These chapters are ones which resonated most strongly and which I think bridge with Missional Conversations. This second book has the sub title: A Dialogue between Theory and Praxis in World Mission. It pairs up chapters in conversation and then gives questions for further discussion. Thus it could be used by students in seminar situations or small groups looking to discuss these issues.

The format generally works well, apart from a couple of chapters where the academic theory sits awkwardly with the praxis. I don’t know if it works better where the authors are familiar with working together or if it is to do with what the prime academic fields of the writers are.

At the end of the book there is a deviation when you get Jonny Baker and Ric Stott having an actual conversation with each other before Ian Adams concludes. Within this they do talk, in a different language, about some of the things Cameron does. Here the idea is put forward of a supervisor who is also a buffer between the pioneer and the hierarchy of the institution. Again I think the Baker and Stott chapter is a really good read for people exploring vocation. Not for the first time I was struck by Baker talking about Grayson Perry’s Hobbit and Punk characters and the way that we need to embrace both in ministry. I also loved Ric talking about wandering about with the purpose of just exploring and then knowing you’ve found the right thing, place or opportunity when you see it. Again I think, whilst challenging, and sometimes leading down the wrong paths, this is the freedom that most ordained ministers (Ric being an exception) lack as they are placed in more traditional appointments with a diary full of meetings and expectations cast upon them. Again I realise my lay calling into a series of missional and/ or pioneering ministries (which may take different forms) tends to give a freedom that others don’t get in this.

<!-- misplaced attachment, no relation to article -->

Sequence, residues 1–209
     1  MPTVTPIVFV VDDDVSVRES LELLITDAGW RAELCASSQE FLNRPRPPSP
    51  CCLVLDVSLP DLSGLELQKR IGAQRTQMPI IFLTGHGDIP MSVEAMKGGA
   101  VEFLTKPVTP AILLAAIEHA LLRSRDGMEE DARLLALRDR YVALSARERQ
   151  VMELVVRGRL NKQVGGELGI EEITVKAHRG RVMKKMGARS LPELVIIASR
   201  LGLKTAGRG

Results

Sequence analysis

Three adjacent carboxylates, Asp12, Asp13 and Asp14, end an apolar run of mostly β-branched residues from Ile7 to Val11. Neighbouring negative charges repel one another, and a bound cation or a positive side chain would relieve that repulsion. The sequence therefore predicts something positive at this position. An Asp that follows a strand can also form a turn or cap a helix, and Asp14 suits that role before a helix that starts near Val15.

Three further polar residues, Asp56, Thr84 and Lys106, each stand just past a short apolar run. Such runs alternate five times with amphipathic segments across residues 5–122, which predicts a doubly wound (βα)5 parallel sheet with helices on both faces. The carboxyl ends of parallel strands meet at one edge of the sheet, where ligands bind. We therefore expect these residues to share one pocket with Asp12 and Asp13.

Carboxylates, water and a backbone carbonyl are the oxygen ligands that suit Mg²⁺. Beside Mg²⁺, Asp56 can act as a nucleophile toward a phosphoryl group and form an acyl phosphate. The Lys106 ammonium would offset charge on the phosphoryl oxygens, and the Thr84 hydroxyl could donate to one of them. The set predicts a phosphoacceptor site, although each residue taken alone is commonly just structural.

Another particularly strong pair of essays were Kyama Mugambi’s Audacity, Intentionality and Hope in the Churches of the Global South and Harvey Kwiyani’s Mission in the Global South. This pair looking at Southern Mission Movements were striking because they appeared to be coming from a black theological perspective and traced the history of the change of missionary activity over the last century. These chapters would be well paired reading with The Desecularisation of the City, which I have reviewed on here previously.
Whilst I would recommend both books to practitioners and those exploring vocation, I would say missional conversations is the less niche of the two books. I’d recommend this to small groups who had the time to read something meaty in preparation and who wanted to explore either modern apologetics (ethics) or mission because it touches on both.

Tuesday, 11 December 2018

The Desecularisation of the City Reviewed

The Desecularisation of the City: London’s Churches, 1980 to the present edited by David Goodhew and Anthony-Paul Cooper and published by Routledge is an interesting book from a variety of angles. There is the question of what has happened in London over the last 40 years? Then there’s question of if desecularisation has occurred in the capital is the shape of things to come in the rest of the country?